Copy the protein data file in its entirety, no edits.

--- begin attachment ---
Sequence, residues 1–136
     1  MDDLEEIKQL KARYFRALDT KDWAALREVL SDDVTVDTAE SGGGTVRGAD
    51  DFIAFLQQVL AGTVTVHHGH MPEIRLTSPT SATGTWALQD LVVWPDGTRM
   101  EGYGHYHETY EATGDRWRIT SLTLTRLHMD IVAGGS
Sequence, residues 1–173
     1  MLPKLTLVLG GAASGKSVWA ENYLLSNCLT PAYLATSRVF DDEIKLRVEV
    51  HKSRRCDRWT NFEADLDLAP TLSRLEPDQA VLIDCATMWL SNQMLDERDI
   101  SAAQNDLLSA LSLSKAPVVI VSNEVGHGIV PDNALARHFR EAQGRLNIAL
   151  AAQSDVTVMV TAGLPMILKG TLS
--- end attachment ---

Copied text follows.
Sequence, residues 1–136
     1  MDDLEEIKQL KARYFRALDT KDWAALREVL SDDVTVDTAE SGGGTVRGAD
    51  DFIAFLQQVL AGTVTVHHGH MPEIRLTSPT SATGTWALQD LVVWPDGTRM
   101  EGYGHYHETY EATGDRWRIT SLTLTRLHMD IVAGGS
Sequence, residues 1–173
     1  MLPKLTLVLG GAASGKSVWA ENYLLSNCLT PAYLATSRVF DDEIKLRVEV
    51  HKSRRCDRWT NFEADLDLAP TLSRLEPDQA VLIDCATMWL SNQMLDERDI
   101  SAAQNDLLSA LSLSKAPVVI VSNEVGHGIV PDNALARHFR EAQGRLNIAL
   151  AAQSDVTVMV TAGLPMILKG TLS